Wednesday, October 5, 2011

On Being "Half"

Rabbi T here had up an interesting posting about "half Jews." A comment at the time didn't seem to want to form itself, but I've been thinking about points that were raised. So, better late than never, my thoughts follow.

I'm not disagreeing with the basic premise, that children observe the adults around them, and if they see them only "half-heartedly" following the rules--or outright breaking them--then they, too, may adopt a "half" lifestyle.

However, there needs to be a clear distinction made that children are not adults, and that some of adult behavior is not necessarily wrong--being practiced by an adult with full reasoning powers and maturity to see--but would not be appropriate for a child, whose knowledge and reasoning power are not yet fully developed.

Criticising something or someone, when done by an adult, is not necessarily being "half-observant," nor is it being only "half-respectful." (What is tochechah after all?) Sometimes that public voicing is necessary to point out that "the Emperor is naked." Human beings, no matter their training or studying, are still human beings, making them imperfect and not 100% right 100% of the time. We are taught to respect our leaders, not worship them--"Thou shalt have no other gods before Me."

Just what picture do you think children get when leaders of different groups within Klal disagree with each other, criticize each other, declare the "other" to be wrong? When the language gets heated among rabbanim and between such groupings? When Rabbi A paskens X, Rabbi B paskens Y and Rabbi C paskens Z, all referring to the same exact thing, based on the same holy writings? When groups A to Z within frum Klal feel free to criticize and publicly denigrate each other and claim that only their way of practicing and believing is the correct way and all the others are only "half-frum"?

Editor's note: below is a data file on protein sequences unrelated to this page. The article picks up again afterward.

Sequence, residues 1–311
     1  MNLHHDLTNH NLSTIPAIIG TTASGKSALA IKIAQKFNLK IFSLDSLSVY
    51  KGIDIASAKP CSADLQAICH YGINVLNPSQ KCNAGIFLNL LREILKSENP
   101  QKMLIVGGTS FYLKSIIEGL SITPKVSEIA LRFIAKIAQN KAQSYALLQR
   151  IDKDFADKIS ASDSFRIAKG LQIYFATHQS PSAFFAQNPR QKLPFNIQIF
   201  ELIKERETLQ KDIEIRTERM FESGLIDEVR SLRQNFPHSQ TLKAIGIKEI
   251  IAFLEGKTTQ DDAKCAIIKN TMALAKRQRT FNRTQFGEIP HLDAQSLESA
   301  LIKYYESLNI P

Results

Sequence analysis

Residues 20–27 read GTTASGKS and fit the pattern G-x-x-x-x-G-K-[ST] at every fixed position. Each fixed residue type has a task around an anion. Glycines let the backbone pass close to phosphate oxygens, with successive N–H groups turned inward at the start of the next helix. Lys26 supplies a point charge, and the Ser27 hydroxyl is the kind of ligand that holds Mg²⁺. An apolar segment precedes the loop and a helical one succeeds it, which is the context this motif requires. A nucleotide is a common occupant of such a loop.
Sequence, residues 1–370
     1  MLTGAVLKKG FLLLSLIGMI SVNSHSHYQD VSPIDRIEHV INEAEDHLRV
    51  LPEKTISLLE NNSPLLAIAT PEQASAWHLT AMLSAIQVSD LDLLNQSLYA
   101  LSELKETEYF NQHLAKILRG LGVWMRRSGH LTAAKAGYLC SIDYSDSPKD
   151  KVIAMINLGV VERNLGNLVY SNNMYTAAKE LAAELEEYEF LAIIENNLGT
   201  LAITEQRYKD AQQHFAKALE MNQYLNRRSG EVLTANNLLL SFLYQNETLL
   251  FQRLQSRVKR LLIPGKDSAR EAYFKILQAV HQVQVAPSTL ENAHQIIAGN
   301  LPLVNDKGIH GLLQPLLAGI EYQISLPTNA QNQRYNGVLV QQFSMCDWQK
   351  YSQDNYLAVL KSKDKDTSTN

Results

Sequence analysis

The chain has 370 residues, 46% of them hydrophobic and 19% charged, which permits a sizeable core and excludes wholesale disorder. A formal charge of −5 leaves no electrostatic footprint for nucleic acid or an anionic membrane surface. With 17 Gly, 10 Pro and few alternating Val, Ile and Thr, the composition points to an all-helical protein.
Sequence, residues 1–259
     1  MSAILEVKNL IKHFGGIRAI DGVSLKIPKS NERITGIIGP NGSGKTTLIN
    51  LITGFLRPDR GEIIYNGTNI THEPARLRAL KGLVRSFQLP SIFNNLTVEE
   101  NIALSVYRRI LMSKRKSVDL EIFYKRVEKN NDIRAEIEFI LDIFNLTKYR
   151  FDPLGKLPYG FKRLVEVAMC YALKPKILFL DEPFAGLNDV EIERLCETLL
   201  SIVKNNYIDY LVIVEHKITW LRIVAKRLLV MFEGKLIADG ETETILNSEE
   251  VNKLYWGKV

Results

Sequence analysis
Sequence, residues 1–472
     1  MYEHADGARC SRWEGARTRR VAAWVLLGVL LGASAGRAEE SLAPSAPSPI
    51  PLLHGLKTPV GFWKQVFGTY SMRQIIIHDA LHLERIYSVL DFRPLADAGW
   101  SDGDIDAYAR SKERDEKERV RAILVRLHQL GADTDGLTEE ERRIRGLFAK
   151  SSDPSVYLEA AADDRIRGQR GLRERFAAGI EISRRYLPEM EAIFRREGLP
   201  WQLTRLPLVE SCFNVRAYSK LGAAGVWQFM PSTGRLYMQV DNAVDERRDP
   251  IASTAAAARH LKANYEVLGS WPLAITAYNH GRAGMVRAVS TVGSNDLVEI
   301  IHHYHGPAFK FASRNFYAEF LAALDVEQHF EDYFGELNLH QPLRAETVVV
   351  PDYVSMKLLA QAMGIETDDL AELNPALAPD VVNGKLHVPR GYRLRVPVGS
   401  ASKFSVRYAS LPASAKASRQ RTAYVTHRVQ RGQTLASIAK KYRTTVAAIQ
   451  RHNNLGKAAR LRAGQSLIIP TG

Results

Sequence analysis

It is not only those who are wilfully going against our laws who are bad examples for our children, who show them that "half-observance" is okay to do. When sinah and chinah are rampant among the various frum groups of Klal, when Jews of one stripe feel free to stone and attack Jews of another stripe and rabbinic leadership does nothing, then what do you suppose our kids are being taught by example?

In short, yes, we adults need to be cognizant of the examples we are setting for our children, but that includes all adults in Klal, regardless of group belonged to, and regardless of where in the hierarchy of Klal we fall.


tesyaa said...

Good point.

leahle said...

Agreed. We only get our kids for maybe half of their time. Their teachers and principals and the rabbanim the schools teach the kids to honor/admire/listen to have the other half of the kids' time. And they don't always set a good example.

I remember when my son was a second grader and got into a yelling fight with another kid that got kind of heated up. The principal called him into the office and yelled at him for yelling. My son was a little confused and told the principal 'but you're yelling at me so why can't I yell at Chaim?' Principal's answer was to suspend him for the day for being chutzpadik. Hello!

tesyaa said...

Maybe I missed the point. I thought the post was asking why texting is considered "half" observance, while egg throwing and vituperation is considered "full" observance, as long as the egg throwing and vituperation are in the name of being "more" religious.

Miami Al said...

Because texting on Shabbat, while a questionable Halachic violation (one could absolutely make an argument that it's permitted, it's not an accepted argument, but one can make a logical argument for it), is seen as terrible because it uses something with "new technology" and sounds sexy, technology entices teenagers to violate Shabbat.

Whereas handing Aliyot to convicted criminals is seen as normal behavior, despite there being NO logical way in which one can argue that stealing is somehow permitted to an Orthodox Jew.

The Rebbetzin's Husband said...

Thanks for the link! If I'm reading you correctly, you're saying that there are adult behaviors which are correct for adults, but which mis-lead kids. I agree with that wholeheartedly.

As a separate point, I certainly agree that hatred and denigration of others is wrong for adults and kids.